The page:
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13 May 2011

Wrapped

 Wrapped by Jennifer Bradbury is the story of Agnes, a feisty Regency era debutante who unwittingly stumbles across a great mystery and ultimately uncovers a spy and helps her country.

The summary from Goodreads: 
Agnes Wilkins is standing in front of an Egyptian mummy, about to make the first cut into the wrappings, about to unlock ancient (and not-so-ancient) history.
Maybe you think this girl is wearing a pith helmet with antique dust swirling around her.
Maybe you think she is a young Egyptologist who has arrived in Cairo on camelback.
Maybe she would like to think that too. Agnes Wilkins dreams of adventures that reach beyond the garden walls, but reality for a seventeen-year-old debutante in 1815 London does not allow for camels—or dust, even. No, Agnes can only see a mummy when she is wearing a new silk gown and standing on the verdant lawns of Lord Showalter’s estate, with chaperones fussing about and strolling sitar players straining to create an exotic “atmosphere” for the first party of the season. An unwrapping.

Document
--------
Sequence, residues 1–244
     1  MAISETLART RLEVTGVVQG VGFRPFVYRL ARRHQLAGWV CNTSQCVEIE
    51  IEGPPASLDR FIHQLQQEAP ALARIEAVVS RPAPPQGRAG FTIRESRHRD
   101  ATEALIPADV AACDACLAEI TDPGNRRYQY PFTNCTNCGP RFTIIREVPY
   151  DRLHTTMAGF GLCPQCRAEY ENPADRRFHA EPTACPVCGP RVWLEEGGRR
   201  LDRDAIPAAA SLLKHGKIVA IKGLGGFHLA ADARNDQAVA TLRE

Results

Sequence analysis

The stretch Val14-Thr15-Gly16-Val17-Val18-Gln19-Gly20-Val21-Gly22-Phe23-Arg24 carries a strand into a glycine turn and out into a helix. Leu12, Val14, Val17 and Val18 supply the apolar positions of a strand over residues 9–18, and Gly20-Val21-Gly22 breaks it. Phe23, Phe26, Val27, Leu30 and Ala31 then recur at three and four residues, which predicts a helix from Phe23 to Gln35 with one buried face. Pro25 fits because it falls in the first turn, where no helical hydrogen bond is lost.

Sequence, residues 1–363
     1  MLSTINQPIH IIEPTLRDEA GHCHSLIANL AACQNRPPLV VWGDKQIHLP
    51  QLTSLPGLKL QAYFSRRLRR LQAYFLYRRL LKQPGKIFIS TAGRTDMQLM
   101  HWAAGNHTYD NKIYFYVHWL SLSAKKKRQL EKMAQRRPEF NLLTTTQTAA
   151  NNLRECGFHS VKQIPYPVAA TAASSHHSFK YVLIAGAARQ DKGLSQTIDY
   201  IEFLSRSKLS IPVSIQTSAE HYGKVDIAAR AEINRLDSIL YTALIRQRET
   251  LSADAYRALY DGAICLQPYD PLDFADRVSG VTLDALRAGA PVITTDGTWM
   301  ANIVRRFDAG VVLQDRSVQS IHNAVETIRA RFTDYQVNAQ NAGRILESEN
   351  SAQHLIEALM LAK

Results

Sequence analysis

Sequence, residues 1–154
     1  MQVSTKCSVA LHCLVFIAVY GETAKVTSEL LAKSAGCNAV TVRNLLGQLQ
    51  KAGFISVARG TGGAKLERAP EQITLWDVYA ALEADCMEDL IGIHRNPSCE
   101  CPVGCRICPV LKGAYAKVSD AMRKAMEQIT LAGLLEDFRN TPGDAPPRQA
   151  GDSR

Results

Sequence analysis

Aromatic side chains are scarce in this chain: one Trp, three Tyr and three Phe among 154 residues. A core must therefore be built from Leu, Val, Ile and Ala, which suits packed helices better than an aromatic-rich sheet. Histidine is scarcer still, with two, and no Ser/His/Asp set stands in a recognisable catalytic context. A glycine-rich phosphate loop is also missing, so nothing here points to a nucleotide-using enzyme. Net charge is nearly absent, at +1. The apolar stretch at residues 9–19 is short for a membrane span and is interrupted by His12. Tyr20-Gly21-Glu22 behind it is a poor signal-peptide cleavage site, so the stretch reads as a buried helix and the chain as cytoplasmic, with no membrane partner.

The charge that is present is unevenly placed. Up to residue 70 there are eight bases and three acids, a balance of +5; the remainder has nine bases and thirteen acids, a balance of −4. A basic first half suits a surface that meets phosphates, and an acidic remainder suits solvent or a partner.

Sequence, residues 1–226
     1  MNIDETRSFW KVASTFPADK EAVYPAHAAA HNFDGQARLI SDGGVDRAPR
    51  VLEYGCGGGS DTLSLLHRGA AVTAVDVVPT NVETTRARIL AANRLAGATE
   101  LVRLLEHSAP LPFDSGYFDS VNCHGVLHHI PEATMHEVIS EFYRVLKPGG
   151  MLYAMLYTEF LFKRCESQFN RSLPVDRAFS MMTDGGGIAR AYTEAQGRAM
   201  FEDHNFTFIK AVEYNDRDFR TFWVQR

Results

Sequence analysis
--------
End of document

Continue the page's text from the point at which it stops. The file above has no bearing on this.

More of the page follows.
This is the start of it all, Agnes’s debut season, the pretty girl parade that offers only ever-shrinking options: home, husband, and high society. It’s also the start of something else, because the mummy Agnes unwraps isn’t just a mummy. It’s a host for a secret that could unravel a new destiny—unleashing mystery, an international intrigue, and possibly a curse in the bargain.
Get wrapped up in the adventure . . . but keep your wits about you, dear Agnes.

I like a good historical fiction book.  I like the feeling of going back in time, and as dorky as it sounds, learning something about that time period.  I did feel that to really get a good grasp of this book, the reader needed to have some sort of understanding of Regency England, its society and morals. 


I really liked that Agnes was able to keep her plucky attitude and didn't have to follow the same path as many women of that time, of her station.  I appreciated that the author didn't push modern views on marriage and women on an era that felt totally different about those things, and on the other hand, she didn't create this feisty, lovable girl and then force her into a dull, loveless marriage.


I was able to guess the "bad guy" as soon as he was introduced, and was also able to guess that he would be a spy long before it was introduced as a possibility.  


All in all, if you like a light, fun, historical fiction, this book is probably for you.  There are elements of romance, but nothing sexual.  If I taught middle and high school, I wouldn't have any problem having this book on my shelves.  I gave this book a 4 out of 5 on goodreads.


I was able to download and review this book thanks to Simon & Schuster and their free GalleyGrab program. 

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